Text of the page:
A clinical study of comparison of effect with 0.15% ropivacaine and fentanyl 2mcg/ml versus 0.125% bupivacaine and fentanyl 2mcg/ml epidurally for labour analgesia
Keywords:Bupivacaine, Epidural analgesia, Fentanyl, Labour analgesia, Ropivacaine
Background: Adequate pain control is vital during labor as it can have negative impacts on maternal and fetal physiology. Epidural Bupivacaine with opioid has been in use for many years. Ropivacaine is almost similar to bupivacaine in terms of onset, duration, and quality of sensory blockade, but it is less toxic and produces less motor blockade.
Methods: Authors did a prospective randomized controlled study on 50 prim gravidas of ASA I category with singleton pregnancy in full-term labor, undergoing normal vaginal delivery, admitted to the antenatal ward requesting labor analgesia. They were randomly divided into two groups of 25 each receiving 8 ml Epidural bolus of either 0.125% Bupivacaine with 2ug/ml Fentanyl or 0.15% Ropivacaine with 2ug/ml Fentanyl by the epidural catheter.
Results: Analgesia in Ropivacaine group lasted 7.84 minutes longer than Bupivacaine group (p<0.001). Only 28% in the Ropivacaine group needed 3 analgesia top-ups or more compared to 76% in Bupivacaine group. No one out of 25 subjects in Ropivacaine group developed motor block, whereas 21 subjects (84%) in Bupivacaine group developed partial motor (grade 2) block. There was no significant difference in maternal or neonatal outcome between the groups.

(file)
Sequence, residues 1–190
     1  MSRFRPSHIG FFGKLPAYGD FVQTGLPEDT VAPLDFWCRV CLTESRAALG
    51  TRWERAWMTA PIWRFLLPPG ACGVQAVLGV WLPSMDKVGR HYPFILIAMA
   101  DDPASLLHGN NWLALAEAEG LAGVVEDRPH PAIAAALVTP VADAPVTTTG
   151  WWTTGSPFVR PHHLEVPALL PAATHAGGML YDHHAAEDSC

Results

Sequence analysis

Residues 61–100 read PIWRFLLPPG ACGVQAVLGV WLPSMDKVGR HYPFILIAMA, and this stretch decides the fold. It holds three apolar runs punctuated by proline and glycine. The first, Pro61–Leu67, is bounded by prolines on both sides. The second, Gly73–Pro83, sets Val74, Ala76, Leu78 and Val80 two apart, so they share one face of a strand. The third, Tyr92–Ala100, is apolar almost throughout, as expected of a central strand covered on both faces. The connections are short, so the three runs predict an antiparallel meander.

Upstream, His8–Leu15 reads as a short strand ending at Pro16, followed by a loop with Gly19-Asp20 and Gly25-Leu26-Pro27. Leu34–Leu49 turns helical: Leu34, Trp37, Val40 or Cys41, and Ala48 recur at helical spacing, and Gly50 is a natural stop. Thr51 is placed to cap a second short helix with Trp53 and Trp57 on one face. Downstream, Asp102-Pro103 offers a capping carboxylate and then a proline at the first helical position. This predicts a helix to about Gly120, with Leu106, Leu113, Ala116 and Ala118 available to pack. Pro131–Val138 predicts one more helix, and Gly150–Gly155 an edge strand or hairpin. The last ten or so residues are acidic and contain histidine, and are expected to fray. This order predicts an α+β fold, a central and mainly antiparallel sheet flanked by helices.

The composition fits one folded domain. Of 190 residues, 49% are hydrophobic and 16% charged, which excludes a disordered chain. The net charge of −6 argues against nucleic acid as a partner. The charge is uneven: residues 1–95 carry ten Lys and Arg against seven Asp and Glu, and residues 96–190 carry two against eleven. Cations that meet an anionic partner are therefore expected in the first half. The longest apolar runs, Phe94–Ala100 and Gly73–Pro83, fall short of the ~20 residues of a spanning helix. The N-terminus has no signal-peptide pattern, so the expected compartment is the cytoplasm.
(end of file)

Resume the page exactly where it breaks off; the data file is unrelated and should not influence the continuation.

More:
Conclusions: Subjects in Ropivacaine group on comparison with Bupivacaine group experienced excellent labor analgesia, with greater duration of action, and reduced fentanyl, a local anesthetic requirement with similar VAS scores, maternal and neonatal outcomes besides the major advantage of reduced incidence of motor block.
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